The CIG is divided into four parts:

  • Part 1 provides an overview of Key Immunization Information, which includes key scientific principles of immunology and vaccinology, vaccine administration, storage and handling of immunizing agents and information about communicating effectively about the benefits of immunization.
  • Part 2 addresses Vaccine Safety. The chapters in this part provide information about vaccine safety monitoring in Canada, product-specific contraindications, precautions and concerns, and assessment and management of anaphylaxis.
  • Part 3 provides recommendations for the Vaccination of Specific Populations, including adults, workers, persons with inadequate immunization records, women who are pregnant or breastfeeding, infants born prematurely, persons in health care institutions, immunocompromised persons, persons with chronic diseases, travellers, and those who are new to Canada.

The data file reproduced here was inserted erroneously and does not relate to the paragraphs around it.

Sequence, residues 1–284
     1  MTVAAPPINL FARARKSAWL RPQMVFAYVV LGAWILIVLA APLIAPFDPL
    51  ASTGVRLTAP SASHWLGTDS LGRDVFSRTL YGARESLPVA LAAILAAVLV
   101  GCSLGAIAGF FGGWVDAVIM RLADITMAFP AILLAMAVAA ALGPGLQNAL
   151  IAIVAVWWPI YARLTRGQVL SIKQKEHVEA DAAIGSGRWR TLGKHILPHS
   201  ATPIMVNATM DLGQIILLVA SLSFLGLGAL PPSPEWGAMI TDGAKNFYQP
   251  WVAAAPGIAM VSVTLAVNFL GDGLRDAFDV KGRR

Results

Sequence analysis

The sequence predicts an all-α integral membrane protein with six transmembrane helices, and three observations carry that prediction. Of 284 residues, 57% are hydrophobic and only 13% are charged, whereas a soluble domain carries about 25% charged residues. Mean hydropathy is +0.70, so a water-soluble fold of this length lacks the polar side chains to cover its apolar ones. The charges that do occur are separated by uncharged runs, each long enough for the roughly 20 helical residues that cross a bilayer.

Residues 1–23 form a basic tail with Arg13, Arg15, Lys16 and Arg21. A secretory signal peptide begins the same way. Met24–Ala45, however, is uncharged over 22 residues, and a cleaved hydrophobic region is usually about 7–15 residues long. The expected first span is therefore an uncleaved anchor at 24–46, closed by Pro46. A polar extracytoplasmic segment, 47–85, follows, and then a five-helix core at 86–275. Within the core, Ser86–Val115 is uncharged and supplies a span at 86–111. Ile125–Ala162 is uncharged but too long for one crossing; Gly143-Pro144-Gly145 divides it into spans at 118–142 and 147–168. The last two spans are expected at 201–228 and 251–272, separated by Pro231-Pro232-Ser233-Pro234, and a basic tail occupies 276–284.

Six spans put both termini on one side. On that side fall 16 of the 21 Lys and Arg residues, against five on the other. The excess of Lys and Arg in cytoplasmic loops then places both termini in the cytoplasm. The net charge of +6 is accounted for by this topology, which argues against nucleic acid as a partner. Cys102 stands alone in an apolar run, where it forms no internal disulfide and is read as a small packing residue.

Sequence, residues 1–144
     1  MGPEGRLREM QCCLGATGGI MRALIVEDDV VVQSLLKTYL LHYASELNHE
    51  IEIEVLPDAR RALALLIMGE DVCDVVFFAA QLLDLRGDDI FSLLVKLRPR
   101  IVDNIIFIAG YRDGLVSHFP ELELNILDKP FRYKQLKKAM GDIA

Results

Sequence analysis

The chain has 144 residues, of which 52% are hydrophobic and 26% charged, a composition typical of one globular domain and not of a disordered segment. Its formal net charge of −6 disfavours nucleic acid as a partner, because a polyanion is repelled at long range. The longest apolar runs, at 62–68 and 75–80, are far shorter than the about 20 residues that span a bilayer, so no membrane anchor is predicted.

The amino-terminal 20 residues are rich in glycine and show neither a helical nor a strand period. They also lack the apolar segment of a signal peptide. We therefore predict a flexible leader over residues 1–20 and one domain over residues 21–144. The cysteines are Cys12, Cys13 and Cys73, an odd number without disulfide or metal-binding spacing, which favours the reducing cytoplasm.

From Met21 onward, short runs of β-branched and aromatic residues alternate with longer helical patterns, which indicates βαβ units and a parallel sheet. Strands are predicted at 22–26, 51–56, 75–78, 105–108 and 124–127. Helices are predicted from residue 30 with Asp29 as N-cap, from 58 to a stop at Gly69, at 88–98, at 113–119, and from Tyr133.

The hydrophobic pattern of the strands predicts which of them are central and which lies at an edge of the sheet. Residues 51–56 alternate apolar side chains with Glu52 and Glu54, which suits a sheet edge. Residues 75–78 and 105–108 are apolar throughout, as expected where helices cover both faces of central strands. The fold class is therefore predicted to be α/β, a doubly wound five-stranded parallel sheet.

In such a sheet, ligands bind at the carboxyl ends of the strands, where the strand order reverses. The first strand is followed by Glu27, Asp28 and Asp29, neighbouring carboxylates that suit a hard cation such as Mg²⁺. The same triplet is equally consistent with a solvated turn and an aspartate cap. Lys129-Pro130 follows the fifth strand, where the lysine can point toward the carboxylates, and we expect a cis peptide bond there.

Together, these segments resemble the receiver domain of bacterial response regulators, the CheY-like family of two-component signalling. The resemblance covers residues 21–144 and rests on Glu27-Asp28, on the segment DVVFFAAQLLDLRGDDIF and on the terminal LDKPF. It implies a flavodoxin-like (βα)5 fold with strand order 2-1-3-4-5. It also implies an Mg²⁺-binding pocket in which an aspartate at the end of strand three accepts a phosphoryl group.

• Part 4, Immunizing Agents, is organized into disease-specific chapters. It provides information about disease characteristics and epidemiology, as well as vaccine-specific information and recommendations for use.

Chapters are updated as new evidence about vaccines and vaccine preventable diseases becomes available and as NACI and CATMAT statements and updates are published.

Chapter Revision Process

The CIG is informed by recommendations, statements and updates by NACI and CATMAT.

For NACI recommendations, statements and updates, new publications are developed by a vaccine preventable disease-specific Working Group. A Working Group consists of NACI members and representatives as well as external experts and NACI Secretariat technical staff. NACI Secretariat technical staff consists of medical advisors, research scientists, nurse advisors, pharmacists, epidemiologists, health economists, mathematical modellers, and project officers.